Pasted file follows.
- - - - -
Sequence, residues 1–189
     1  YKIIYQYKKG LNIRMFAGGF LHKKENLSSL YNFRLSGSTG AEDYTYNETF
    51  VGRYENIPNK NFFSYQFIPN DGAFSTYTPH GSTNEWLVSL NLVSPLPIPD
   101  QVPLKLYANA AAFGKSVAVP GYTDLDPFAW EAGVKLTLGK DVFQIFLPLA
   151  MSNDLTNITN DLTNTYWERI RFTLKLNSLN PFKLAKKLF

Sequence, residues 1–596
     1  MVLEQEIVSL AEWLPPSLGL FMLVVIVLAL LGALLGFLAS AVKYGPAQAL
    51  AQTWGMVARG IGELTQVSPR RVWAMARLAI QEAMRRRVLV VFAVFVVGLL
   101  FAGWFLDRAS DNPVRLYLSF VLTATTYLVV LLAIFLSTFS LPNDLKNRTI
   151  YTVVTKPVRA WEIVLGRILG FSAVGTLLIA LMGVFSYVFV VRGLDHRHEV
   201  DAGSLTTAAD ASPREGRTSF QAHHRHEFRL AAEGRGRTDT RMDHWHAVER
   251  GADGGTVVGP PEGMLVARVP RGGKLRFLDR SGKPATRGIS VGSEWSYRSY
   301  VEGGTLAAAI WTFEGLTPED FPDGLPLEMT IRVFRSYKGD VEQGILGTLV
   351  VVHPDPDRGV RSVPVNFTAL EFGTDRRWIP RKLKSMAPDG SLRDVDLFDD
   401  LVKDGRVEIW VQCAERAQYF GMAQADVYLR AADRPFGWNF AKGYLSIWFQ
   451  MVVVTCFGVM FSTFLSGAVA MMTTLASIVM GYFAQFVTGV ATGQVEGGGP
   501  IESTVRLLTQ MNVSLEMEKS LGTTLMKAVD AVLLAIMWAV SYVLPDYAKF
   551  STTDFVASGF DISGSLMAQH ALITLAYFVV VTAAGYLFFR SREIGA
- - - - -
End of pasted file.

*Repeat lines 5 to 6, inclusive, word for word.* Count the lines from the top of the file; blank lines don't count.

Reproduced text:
   151  MSNDLTNITN DLTNTYWERI RFTLKLNSLN PFKLAKKLF

Sequence, residues 1–596